Subject: Scouting in Switzerland See: http://www.pbs.ch/
Subject: Scouting in Liechtenstein see: http://www.scout.li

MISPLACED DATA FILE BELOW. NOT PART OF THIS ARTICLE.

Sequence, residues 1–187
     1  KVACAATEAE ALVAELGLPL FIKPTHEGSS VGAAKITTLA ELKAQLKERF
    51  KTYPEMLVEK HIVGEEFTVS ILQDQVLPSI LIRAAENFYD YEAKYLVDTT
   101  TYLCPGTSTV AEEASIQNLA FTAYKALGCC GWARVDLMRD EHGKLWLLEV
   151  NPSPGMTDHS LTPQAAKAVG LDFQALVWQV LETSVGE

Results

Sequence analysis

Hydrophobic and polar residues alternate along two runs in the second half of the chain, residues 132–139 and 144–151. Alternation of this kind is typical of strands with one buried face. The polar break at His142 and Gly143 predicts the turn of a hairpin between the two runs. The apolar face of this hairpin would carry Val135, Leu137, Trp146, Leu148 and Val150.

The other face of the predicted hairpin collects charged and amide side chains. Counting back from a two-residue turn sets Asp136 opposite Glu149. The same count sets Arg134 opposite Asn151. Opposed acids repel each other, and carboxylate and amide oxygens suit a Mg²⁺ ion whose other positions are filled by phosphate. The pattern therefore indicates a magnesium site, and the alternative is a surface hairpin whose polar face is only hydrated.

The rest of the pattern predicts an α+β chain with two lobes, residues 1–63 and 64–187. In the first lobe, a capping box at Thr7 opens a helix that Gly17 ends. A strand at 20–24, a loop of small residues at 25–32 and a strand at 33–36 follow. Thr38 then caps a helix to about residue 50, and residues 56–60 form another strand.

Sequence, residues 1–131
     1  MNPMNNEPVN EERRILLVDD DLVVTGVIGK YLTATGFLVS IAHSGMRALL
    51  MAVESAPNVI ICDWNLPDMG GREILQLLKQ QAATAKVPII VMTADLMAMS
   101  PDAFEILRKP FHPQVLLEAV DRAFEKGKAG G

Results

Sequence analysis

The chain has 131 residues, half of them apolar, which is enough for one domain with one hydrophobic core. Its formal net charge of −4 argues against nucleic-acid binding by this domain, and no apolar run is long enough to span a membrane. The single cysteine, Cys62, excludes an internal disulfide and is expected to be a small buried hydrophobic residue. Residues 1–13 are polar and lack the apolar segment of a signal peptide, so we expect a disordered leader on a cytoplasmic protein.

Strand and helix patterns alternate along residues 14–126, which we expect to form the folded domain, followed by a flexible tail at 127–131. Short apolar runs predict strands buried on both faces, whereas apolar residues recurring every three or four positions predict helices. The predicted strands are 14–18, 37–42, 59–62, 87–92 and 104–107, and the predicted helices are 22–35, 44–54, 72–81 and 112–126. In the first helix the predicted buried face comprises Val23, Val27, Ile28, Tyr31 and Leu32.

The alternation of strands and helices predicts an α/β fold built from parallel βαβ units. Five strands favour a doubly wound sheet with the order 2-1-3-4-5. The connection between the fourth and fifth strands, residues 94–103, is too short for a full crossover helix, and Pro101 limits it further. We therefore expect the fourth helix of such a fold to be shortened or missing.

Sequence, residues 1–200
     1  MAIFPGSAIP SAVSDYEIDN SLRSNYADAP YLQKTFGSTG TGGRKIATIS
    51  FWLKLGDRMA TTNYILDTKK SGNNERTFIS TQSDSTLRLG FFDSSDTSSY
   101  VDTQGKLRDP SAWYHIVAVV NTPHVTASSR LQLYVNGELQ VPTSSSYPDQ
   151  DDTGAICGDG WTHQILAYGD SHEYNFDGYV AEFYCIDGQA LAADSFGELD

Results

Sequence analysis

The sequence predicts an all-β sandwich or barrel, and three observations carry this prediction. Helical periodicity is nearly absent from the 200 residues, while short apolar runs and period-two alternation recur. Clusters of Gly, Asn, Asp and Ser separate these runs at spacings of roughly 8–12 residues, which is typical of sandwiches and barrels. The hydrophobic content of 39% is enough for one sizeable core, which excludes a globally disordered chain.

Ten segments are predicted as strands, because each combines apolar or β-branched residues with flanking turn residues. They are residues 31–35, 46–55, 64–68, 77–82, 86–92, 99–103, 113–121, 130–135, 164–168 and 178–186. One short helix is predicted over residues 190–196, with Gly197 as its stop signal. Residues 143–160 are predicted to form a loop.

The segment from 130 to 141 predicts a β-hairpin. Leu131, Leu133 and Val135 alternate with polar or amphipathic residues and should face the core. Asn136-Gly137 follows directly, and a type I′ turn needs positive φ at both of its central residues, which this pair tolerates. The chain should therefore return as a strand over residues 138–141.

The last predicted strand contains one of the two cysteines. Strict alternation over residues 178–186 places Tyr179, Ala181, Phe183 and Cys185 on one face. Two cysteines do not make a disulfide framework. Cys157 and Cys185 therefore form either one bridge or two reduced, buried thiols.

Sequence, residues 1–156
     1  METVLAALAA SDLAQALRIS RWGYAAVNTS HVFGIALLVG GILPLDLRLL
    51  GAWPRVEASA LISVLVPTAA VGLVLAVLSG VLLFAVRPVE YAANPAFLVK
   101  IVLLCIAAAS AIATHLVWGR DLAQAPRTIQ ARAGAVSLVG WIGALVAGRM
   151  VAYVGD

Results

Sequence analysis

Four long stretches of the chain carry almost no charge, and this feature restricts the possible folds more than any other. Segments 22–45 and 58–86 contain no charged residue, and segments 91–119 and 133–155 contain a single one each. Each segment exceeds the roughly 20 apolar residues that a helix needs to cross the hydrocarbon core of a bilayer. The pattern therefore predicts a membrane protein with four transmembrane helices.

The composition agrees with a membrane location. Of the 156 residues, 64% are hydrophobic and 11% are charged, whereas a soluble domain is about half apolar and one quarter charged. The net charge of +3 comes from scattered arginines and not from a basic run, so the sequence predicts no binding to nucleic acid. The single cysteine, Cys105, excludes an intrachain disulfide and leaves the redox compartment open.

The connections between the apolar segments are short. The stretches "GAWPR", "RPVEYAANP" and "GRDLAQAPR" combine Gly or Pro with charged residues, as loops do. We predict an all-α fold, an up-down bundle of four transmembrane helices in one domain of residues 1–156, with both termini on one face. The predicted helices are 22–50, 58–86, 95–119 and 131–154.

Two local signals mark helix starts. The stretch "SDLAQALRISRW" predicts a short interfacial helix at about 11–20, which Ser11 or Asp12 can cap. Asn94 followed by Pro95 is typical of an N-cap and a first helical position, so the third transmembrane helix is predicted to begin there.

Subject: Scouting in the UK The Scout Association is the largest Scouting organization in the United Kingdom. They are a member of the WOSM Information on the Scout Association can be found at: http://www.scoutbase.org.uk/ SSAGO (Student Scout and Guide Orgaisation) SSAGO is the official organisation for Scouts and Guides at University or College in the UK. SSAGO clubs covering over 30 Universities and Colleges exist, with programs both active and social much like a Venture Scout or Ranger Guide unit. At the institutions not covered by clubs, students can join SSAGO directly as "Individual" members. Web Page: http://www.ssago.org.uk/ Email: Admin.sec@ssago.org.uk F.S.E. (Fe`de`ration du Scoutisme Europe`en) of Great Britain. The F.S.E. is a very small traditional Scout organization and has nothing to do with the mainstream organization "The Scout Association". The F.S.E. of GB is a member of an organization called C.E.S. (Confederation of European Scouts), a pan-European organization which binds traditional Scouting organizations together across Europe. More information can be found at: http://www.fseuk.org/ Baden-Powell Scout Association http://members.xoom.com/bpscouts/